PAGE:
The Hollywood Writers Guild has been engaged in a tense, months-long strike, but it may be coming to an end soon. The months-long writers strike has been one of the longest and most contentious labor disputes in recent Hollywood history. The majority of the more than 10,000 Guild members have been on strike since November 5, 2007, and the Guild and the Alliance of Motion Picture and Television Producers are now close to reaching a tentative agreement.
Initially, the writers went on strike demanding better pay and improved health and pension benefits. They also wanted greater financial participation in online streaming and DVD sales of their work, and protection of their copyright in the digital age. The Producers Alliance quickly responded by offering a new written agreement with improved terms, albeit one which was still deemed too weak by the Writers Guild.
After months of heated negotiations, the two sides may finally be on the brink of coming to an agreement. At the end of October 2008, the Writers Guild seemed to be cautiously optimistic about the chances of a settlement, and has confirmed that tentative agreements have been reached on most of the issues at stake. Furthermore, there have been reports of progress on some of the most contentious issues, including residual payments for streaming and DVD sales.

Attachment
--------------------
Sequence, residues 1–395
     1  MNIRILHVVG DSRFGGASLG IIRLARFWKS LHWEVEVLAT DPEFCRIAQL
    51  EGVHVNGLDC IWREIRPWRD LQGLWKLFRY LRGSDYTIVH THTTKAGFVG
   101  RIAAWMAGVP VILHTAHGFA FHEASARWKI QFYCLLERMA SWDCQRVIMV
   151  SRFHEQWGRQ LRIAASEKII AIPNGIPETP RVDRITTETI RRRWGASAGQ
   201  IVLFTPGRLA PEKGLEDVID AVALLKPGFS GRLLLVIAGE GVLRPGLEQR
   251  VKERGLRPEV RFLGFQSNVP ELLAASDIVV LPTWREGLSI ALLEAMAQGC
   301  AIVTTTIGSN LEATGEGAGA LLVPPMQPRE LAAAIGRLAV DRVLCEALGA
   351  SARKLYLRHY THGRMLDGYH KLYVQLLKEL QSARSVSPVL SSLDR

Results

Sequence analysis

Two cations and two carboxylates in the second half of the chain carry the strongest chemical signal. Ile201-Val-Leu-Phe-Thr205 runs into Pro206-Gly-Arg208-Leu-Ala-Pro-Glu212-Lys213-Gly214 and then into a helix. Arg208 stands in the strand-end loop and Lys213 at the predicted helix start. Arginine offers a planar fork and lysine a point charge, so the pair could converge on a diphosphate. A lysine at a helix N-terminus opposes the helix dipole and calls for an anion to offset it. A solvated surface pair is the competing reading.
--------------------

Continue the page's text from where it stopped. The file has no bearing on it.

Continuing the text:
Though the final details have yet to be ironed out, it is likely that the Writers Guild and the Producers Alliance will announce a new deal before too long. It seems, then, that the longest and most contentious labor dispute in recent Hollywood history is finally coming to a close, bringing relief to fans and stability to the industry. With any luck, better financial and creative protections for the writers will ensure that the positive trend of television and film production in Hollywood will be maintained in the long run.